OctoberMagazine leader

From the Vicar

One of my interests is in genealogy. I got the bug in my teens when I inherited my great, great grandfather’s notebooks on our family history. Since then the internet has been a treasure trove of information in filling out the family tree. I note, for example, that my great, great, great, great grandmother was Elizabeth Caroline Dawson-Damer. All this came to mind recently, as I was looking into the legal history of St John’s. Elizabeth’s first cousin was Lionel Dawson-Damer. Vicar of Canford Magna, who founded St John’s. The foundation stone was laid by his wife on 24th June 1887, which is the Feast of the Birth of John the Baptist. The church was dedicated on 21st April 1888. It became a parish church in its own right when it was consecrated by the Bishop of Salisbury on 23rd February 1907.

I was looking all this because we wondered why the grounds of the church were never used for burials. The answer is that they form the curtilage of the church, part of what has been consecrated, but not legally set apart as a burial ground in its own right. If it had been set up as a churchyard, then everyone in Broadstone would have had the right of full burial and by now the ground would be covered in graves and memorial stones. One can only wonder why things should have been done in this way. Perhaps the decision was taken to keep burials at Canford Magna, or perhaps it was considered that another burial ground was not needed when Broadstone Cemetery is just round the corner.

At a later date an area was set up for the burial of ashes. Any such scheme needs permission from the Consistory Court and comes under faculty jurisdiction. Many of our churches are buildings of historic interest and would fall completely under local authority planning procedures. One can imagine conflicts arising when a congregation wants to reorder the inside of their church, but then comes up against a local authority with no understanding of worship, but rather a desire just to preserve their village church unchanged. The Church of England is privileged to have its own planning process, known as faculty jurisdiction, which comes under Judge Wiggs, who is Chancellor of the Salisbury Consistory Court. He is advised in his decisions by a body called the Diocesan Advisory Committee, which includes people who are expert in heritage, conservation, architecture, worship, ministry and mission. They are very much in tune with what churches are for and how their building needs to evolve and change to serve the life of their congregations and the wider community.  But we have been warned by the Government. We must be shown to be using this faculty process properly, or else it will be abolished and we will simply come under local authority planning.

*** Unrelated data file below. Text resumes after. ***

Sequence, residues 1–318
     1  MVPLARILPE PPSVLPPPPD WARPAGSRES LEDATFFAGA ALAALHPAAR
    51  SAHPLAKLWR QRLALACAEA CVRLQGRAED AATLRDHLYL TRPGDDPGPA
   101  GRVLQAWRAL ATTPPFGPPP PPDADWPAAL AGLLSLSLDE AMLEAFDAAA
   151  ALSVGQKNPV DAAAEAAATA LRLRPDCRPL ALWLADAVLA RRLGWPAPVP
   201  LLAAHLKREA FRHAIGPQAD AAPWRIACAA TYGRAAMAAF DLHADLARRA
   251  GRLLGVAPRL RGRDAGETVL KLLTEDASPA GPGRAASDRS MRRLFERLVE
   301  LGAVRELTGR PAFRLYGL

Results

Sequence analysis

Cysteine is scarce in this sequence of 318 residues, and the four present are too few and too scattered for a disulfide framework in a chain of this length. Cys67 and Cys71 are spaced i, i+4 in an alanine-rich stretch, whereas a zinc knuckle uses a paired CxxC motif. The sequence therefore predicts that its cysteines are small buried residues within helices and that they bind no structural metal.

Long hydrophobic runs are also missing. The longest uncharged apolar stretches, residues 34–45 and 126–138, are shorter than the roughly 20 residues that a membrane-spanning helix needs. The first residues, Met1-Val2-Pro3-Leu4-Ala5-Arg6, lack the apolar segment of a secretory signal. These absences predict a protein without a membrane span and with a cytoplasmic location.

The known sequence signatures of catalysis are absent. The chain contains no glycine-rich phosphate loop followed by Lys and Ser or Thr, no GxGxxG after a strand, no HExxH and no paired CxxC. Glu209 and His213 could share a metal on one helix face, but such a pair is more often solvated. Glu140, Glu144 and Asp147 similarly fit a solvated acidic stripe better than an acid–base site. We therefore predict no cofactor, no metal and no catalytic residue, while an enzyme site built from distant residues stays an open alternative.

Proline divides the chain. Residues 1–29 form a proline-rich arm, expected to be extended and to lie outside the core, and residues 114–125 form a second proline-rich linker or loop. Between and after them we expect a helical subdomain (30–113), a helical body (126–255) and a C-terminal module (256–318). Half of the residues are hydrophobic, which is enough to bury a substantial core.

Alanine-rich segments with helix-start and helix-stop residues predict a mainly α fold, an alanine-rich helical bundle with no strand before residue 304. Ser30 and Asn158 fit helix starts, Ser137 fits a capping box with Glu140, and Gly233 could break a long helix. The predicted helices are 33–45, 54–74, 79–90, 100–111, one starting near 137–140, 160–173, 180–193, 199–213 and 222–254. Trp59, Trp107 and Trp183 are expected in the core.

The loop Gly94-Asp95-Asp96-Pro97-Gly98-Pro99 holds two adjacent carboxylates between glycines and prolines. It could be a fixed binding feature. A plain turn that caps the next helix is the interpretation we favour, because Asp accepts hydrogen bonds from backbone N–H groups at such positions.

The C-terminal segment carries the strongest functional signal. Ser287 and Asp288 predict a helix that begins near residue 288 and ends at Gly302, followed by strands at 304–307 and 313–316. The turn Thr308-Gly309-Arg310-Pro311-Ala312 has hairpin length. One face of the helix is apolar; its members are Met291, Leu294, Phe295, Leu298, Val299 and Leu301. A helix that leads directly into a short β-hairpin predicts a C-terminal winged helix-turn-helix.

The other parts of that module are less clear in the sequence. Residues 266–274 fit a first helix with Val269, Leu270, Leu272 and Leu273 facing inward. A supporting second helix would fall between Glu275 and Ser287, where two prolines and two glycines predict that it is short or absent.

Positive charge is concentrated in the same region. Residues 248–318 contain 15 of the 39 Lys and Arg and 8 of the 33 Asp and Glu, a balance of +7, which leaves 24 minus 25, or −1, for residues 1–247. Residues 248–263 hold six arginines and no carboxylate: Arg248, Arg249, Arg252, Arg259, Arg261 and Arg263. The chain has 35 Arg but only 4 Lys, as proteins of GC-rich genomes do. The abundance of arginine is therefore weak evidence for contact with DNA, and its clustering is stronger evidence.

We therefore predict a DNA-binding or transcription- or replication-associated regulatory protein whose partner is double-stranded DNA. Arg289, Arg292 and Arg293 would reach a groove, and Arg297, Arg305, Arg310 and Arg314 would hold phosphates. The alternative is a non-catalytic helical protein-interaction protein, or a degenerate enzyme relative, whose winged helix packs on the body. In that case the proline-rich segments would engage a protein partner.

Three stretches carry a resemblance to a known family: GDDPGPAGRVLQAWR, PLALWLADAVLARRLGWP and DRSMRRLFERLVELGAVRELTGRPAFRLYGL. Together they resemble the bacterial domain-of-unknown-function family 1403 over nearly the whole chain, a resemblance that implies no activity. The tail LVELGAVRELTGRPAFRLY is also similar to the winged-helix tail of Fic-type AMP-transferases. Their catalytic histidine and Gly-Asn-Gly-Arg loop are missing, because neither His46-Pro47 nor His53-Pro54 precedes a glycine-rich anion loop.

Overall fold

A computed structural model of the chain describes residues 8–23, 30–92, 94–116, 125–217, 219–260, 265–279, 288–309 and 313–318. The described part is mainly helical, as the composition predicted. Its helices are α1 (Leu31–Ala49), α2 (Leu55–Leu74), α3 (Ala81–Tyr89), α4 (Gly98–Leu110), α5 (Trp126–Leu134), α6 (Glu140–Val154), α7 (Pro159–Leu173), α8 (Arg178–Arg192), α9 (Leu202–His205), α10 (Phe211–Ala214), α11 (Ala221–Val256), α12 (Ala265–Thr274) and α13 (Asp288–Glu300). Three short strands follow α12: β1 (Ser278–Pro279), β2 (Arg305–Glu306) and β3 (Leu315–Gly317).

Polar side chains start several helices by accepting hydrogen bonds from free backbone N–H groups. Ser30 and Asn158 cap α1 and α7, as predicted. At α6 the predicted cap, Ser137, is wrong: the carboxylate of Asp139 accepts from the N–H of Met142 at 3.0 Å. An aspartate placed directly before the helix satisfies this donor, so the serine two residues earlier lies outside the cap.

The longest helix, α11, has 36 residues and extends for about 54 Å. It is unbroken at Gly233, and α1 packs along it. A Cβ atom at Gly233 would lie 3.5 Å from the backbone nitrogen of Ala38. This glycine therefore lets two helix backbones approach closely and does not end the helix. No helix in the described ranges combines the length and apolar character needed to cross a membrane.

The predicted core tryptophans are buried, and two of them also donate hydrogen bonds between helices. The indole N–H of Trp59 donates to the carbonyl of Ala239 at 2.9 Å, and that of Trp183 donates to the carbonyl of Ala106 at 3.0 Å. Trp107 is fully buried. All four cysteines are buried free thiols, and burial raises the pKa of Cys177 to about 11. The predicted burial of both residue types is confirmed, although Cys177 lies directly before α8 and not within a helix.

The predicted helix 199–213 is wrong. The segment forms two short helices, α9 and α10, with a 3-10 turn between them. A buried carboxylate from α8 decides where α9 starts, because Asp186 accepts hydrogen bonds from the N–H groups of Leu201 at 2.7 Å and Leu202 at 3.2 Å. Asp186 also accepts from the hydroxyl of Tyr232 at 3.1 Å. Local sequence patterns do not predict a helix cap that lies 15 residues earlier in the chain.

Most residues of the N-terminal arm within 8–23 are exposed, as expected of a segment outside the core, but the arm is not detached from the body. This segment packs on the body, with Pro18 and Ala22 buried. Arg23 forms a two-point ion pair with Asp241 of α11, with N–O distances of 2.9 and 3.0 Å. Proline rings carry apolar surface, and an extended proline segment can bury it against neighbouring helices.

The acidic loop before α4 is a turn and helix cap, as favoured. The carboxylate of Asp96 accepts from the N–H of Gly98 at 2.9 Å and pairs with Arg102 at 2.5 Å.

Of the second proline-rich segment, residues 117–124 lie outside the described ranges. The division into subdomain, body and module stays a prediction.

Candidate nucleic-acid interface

This is a rather laboured way of saying that we do need to abide by the rules. The burial of ashes is governed by the faculty process. In our small plot we allow the burial of ashes, to which a memorial can be added in the form of one small tablet set into the ground. Strictly speaking, an application needs to be made to the Consistory Court for the addition of such a memorial. In practice, we can avoid such a bureaucratic approach by locally approving such memorials, provided that they comply with regulations provided by the Consistory Court. A small flat memorial tablet is permitted, but no other forms of memorial. Any such items as vases or crosses might be added by the family on a temporary basis, but they can never be part of the permanent or long-term memorial. Eventually they will be removed.

Why has all this become an issue now? The answer is that the area set aside for the burial of ashes will be full before long and the PCC will be obliged to declare it closed, apart from the addition of ashes to existing plots.  We cannot extend the area for such internments without a faculty and there is a strong chance that we would not be granted such permission.  We might well be obliged to start up a memorial garden, elsewhere in the grounds, which could be properly and beautifully landscaped, but without individual memorial stones. In such an arrangement it is usual to install a Book of Remembrance in the church to record the names of those whose ashes have been interred. The PCC has not begun to address this situation, but we will need to start doing so, as space in the existing plot is rapidly filling up. I wanted to explain the situation to you and to invite you to share with me any thoughts you might have or ask me any questions. We want to consult local opinion in this way before we come to consider the best way forward.

Nigel LLoyd

 


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